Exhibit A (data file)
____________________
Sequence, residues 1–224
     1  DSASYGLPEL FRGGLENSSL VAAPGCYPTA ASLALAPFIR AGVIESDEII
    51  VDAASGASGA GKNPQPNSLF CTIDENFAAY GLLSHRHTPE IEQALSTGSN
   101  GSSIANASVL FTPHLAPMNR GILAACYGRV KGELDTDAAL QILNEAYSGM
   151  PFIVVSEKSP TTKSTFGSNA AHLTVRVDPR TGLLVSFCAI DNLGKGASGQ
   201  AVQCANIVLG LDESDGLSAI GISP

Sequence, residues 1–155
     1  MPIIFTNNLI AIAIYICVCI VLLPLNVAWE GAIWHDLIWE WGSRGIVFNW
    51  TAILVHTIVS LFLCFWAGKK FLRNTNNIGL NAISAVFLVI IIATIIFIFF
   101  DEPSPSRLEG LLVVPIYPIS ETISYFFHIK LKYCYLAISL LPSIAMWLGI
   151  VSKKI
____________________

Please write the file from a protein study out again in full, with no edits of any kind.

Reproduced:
Sequence, residues 1–224
     1  DSASYGLPEL FRGGLENSSL VAAPGCYPTA ASLALAPFIR AGVIESDEII
    51  VDAASGASGA GKNPQPNSLF CTIDENFAAY GLLSHRHTPE IEQALSTGSN
   101  GSSIANASVL FTPHLAPMNR GILAACYGRV KGELDTDAAL QILNEAYSGM
   151  PFIVVSEKSP TTKSTFGSNA AHLTVRVDPR TGLLVSFCAI DNLGKGASGQ
   201  AVQCANIVLG LDESDGLSAI GISP

Sequence, residues 1–155
     1  MPIIFTNNLI AIAIYICVCI VLLPLNVAWE GAIWHDLIWE WGSRGIVFNW
    51  TAILVHTIVS LFLCFWAGKK FLRNTNNIGL NAISAVFLVI IIATIIFIFF
   101  DEPSPSRLEG LLVVPIYPIS ETISYFFHIK LKYCYLAISL LPSIAMWLGI
   151  VSKKI